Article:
Rants & Raves for the Week of September 27th, 2010
The scandal over Meg Whitman’s undocumented housekeeper raises many, many questions about the candidate’s credibility and fitness for office. So many, we don’t even know where to start. Let's see…Whitman allegedly exploited her housekeeper of nine years, Nicky Diaz, cheating her out of wages and making her perform duties outside the job description, because, like so many other unscrupulous employers, she knew she’d get away with it. Then in 2009, Whitman abruptly fired Nicky, after realizing an undocumented worker on her payroll could be a liability to her political aspirations.
When Nicky came out this week and exposed Whitman’s mistreatment of her, Whitman denied having any knowledge of Nicky’s immigration status prior to when she fired her, and claims she never received any notifications from the government to lead her to believe otherwise. But when that letter from the government regarding Nicky’s legal status surfaced – with Whitman’s husband’s handwriting on it – the Whitman campaign immediately tried to pass the buck, claiming the scandal was a conspiracy engineered Jerry Brown.
This whole sordid episode should make abundantly clear to voters that Whitman is not fit to be Governor of our state – heck, she isn’t fit to hold any public office. Whitman should apologize to Nicky, first and foremost, and then to the press and the public for the mistreatment Nicky suffered and the lies Whitman has been telling to try to cover up her abhorrent behavior.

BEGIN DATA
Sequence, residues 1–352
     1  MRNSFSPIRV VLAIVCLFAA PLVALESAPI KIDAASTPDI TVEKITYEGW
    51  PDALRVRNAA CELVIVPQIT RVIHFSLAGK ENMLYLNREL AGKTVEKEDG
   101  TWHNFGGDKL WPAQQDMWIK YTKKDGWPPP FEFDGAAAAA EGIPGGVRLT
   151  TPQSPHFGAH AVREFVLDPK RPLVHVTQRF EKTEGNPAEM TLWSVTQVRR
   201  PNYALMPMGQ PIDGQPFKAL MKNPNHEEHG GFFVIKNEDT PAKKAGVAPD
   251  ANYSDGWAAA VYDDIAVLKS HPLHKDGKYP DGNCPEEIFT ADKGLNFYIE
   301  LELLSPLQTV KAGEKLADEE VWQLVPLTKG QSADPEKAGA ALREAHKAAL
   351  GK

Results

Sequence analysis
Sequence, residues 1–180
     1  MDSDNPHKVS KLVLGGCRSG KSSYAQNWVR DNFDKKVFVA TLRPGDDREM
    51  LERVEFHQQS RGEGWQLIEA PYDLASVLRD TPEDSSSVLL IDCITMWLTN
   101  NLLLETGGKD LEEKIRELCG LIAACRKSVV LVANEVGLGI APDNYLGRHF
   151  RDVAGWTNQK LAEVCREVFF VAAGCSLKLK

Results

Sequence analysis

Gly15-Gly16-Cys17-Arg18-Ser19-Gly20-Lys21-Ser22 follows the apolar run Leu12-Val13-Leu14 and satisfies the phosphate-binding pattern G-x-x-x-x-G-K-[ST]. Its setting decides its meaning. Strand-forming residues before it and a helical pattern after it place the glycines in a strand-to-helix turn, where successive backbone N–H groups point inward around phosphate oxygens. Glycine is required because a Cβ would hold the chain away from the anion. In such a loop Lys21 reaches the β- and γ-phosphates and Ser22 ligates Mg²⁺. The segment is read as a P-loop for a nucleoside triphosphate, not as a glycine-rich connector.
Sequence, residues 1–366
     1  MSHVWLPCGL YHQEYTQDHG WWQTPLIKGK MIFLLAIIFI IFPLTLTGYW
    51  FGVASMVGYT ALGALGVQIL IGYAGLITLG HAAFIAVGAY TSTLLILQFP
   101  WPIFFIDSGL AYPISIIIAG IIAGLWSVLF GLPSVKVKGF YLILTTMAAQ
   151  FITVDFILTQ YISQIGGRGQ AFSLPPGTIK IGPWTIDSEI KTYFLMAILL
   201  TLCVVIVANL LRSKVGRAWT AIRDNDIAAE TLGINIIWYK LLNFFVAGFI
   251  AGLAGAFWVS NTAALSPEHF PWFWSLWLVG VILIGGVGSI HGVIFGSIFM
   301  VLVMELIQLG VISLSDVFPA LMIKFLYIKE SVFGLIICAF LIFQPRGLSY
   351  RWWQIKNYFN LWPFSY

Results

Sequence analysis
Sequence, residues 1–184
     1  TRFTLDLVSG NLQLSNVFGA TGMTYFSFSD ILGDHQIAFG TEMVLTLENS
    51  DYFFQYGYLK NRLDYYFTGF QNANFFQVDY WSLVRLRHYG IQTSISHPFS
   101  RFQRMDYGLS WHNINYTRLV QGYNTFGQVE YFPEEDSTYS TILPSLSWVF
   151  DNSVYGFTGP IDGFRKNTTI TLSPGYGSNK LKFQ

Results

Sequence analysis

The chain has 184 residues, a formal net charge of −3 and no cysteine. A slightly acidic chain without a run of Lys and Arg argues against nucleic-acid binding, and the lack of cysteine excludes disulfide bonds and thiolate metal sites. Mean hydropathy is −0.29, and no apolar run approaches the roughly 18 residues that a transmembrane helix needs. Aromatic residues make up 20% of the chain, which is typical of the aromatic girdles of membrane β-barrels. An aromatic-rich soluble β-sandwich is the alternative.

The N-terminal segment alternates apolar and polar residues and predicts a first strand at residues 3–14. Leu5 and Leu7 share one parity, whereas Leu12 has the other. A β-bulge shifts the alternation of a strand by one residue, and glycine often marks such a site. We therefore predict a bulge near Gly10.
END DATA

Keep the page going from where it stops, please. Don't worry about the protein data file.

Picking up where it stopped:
Governor Schwarzenegger chose to veto a package of the job creation bills which were designed to ensure that state dollars are used to create good jobs in California. The state spends billions of dollars a year on contracts for goods and services and SB 967 (Correa) would require a 5 percent bid preference for companies that hired Californians, rather than taking state money and operating elsewhere. AB 1830 (Jones) focused on the billions that the state will spend on high-speed rail trains, and would help make sure those train cars are built in California. Lastly, AB 2437 (V. Perez) would have created a revolving loan fund for manufacturers that provided good wages and benefits, and the fund would help them secure funds to create jobs at a time when the big banks aren’t lending. Schwarzenegger’s veto of sensible job creation bills is just another in a long list of reasons why we need Jerry Brown to be our next governor.
The Governor also vetoed the “Taxpayers Right to Know” package of bills aimed at corporate accountability and transparency regarding tax breaks. While Schwarzenegger proposes more cuts to education and vital services, the state gives away billions of dollars every year to corporations in the form of tax breaks, which are created a simple majority vote and continue without a spending cap or sunset into the future. Once created, it takes a majority vote to repeal or reduce the tax break, essentially creating a permanent, unlimited hole in the state’s budget. And corporations reap the benefits without having to prove that they meet a single goal or performance measure for the money… because most tax breaks don’t have goals. The corporate accountability package Schwarzenegger vetoed would have required tax breaks to have goals, performance measures and sunsets (SB 1272 – Wolk), set up a public database of corporations that receive tax breaks in order to bring needed sunshine to the process (AB 2666 – Skinner), and bring the billions that the state spends on tax breaks into the budget process (AB 2564 – Swanson).